Shuttling across the world
IT is highly appropriate that a nine-year-old girl who have had the chance of her lifetime to train under former world badminton champion Han Jian is now a rising star, her name among world shuttlers. Yang Li Lian, now 24, scooped the Women’s singles title at the British Universities and Colleges Sport (BUCS) National Championships, defeating fellow Malaysian Lydia Cheah 2 -1 in Sheffield, United Kingdom, recently.
Having already beaten the 2016 BUCS champion Cheah three times this season — including twice on the way to the 2017 AJ Bell National Badminton League title, sports scholar Yang went into the competition as number one seed but still had to make it through several gruelling rounds of competition.
Yang, who is in her first year of a Mathematics and Economics degree programme at the University of Nottingham, was delighted with her victory.
“It’s such a great feeling to win my first BUCS title and I’m proud of my achievement. After a tough weekend of competition, all my hard work over the year with my coach Martyn Lewis to ensure I was in the best condition possible has paid off.
Making the switch in September last year from training full-time with the Malaysian national squad to a sports scholarship at the University of Nottingham, Yang joined an elite badminton programme hosted in the brand new 24-court David Ross Sports Village.
“I’m incredibly thankful to the University of Nottingham for the professional support they have provided; from top coaching to physiotherapy to strength and conditioning training. This win is a great way for me to show my gratitude to university’s sport staff who have been so instrumental on my journey.”
Malaysian-born Yang, originally from Subang Jaya, has two elder brothers. Her father is a businessman while her mother is a housewife.
Yang started training at the age of nine under Han Jian and developed her interest in badminton at such a young age. When she was 12 years old, she was selected by the Badminton Association of Malaysia (BAM) to be part of the National Junior team.
“From there, I set a goal to be the best national shuttler. I got promoted to the national elite team when I was 17. As a senior shuttler, I have competed in several major tournaments such as Uber Cup, Asian Games and SEA Games.
“My highest world ranking was 54 back in January 2015 and I was former national number one.
“I left the national team when I was 22 to focus on my studies. But I continued playing badminton for my university and at the international level.”
Her degree takes three years to complete and she hopes to do a summer internship this year to gain some experience in the working world.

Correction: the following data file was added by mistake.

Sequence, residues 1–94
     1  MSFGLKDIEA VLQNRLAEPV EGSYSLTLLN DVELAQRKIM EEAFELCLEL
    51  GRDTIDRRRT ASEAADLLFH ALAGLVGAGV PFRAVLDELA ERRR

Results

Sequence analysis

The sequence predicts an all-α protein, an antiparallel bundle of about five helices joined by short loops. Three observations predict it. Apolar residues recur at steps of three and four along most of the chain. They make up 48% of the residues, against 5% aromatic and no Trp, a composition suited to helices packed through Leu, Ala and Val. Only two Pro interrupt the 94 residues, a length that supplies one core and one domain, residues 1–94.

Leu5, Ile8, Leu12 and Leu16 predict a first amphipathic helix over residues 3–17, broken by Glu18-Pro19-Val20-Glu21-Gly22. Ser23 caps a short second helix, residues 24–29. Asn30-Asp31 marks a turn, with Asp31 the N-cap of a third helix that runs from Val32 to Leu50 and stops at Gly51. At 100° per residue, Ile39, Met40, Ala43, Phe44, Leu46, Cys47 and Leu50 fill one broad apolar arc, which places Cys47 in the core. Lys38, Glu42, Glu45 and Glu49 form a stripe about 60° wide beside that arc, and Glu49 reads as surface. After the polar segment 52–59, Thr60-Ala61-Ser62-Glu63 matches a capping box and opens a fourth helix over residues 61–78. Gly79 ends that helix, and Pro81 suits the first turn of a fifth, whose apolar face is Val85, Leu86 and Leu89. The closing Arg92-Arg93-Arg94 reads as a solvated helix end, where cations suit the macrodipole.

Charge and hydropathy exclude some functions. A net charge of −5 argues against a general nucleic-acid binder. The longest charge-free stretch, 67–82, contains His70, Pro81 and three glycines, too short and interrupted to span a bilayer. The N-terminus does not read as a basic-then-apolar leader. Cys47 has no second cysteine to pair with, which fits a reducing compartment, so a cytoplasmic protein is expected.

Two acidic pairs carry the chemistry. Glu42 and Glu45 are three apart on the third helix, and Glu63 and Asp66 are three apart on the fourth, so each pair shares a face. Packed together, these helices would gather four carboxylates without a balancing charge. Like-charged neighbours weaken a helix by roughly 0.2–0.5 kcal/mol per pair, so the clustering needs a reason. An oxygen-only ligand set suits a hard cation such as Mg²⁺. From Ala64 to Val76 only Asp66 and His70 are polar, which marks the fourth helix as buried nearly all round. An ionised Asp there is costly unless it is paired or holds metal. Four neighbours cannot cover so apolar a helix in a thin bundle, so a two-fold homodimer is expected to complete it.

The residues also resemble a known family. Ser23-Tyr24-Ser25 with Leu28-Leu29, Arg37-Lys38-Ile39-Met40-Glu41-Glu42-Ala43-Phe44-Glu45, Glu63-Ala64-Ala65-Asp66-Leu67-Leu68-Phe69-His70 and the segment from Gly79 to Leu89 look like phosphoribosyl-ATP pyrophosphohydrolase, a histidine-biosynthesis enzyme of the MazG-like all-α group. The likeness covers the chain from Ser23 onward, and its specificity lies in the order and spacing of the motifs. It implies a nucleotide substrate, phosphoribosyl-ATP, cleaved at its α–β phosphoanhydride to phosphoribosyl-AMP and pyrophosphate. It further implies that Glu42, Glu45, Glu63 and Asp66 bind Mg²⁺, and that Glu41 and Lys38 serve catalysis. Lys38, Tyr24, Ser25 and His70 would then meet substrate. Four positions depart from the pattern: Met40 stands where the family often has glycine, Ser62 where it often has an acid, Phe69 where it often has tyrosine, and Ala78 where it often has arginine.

“Juggling between my studies and training, I try to attend as many academic talks as possible provided by the university to increase my knowledge.
“And, if I don’t have to go for training, I usually spend more time revising my homework. I’m blessed to be able to do things I am really passionate about all at the same time — badminton, travelling and studying.”
Yang said after she left BAM, she was able to compete in tournaments she desired while travelling and venturing into other countries at the same time.
“Thanks to the support I always get from my family, I have travelled to more than 30 countries so far,” said Yang, who loves to watch drama series during her leisure time.
But if she has a competition around the corner, she will spend time studying her opponents’ game on YouTube to better prepare herself.
Yang said her best achievement locally (in Malaysia) was to win the Malaysia National Grand Prix Finals in 2013 and 2014 in Women singles.
Internationally, apart from her recent winning at BUCS, she also won a bronze in a mixed doubles with partner, Rohan Midha. Earlier this year, Yang won Iceland International in Women singles and doubles, and first place in the National Badminton League (NBL) representing the University of Nottingham Sport.
Looking ahead, Yang and her team have their sights firmly set on the British Universities’ team title, held as part of BUCS Big Wednesday this month and where they are hot favourites to triumph.
First-year of a Mathematics and Economics degree programme at the University of
• Malaysia National Grand Prix Finals in 2013 and 2014 in
Women singles • First place in the National Badminton League (NBL) • Gold at the United Kingdom National University
But first things first, the team must navigate the knock-out stages and in preparation, Yang and fellow sports scholars Serena Midha, Tiara Samuel and Emily Witts will head to Hong Kong this month for a week-long training camp with some of the world’s top players.
“My motto in life is, ‘If you love the sport then nothing can stop you from doing it’. I was a straight A student in all major exams (UPSR, PMR, SPM and A Levels). When you have the will and passion, you will make everything work.
“Set short-term and long-term goals in both studies and sports to ensure that you are working in the right direction,” she said.
Yang personally believes that one can achieve anything as long as he or she has the right attitude and is willing to walk the extra mile.
“I learn the good bits from everyone.”
‘If you love the sport then nothing can stop you from doing it’ is Yang Li Lian’s motto in life. Yang Li Lian with her trophy and Gold medal at the British Universities and Colleges Sport (BUCS) National Championships.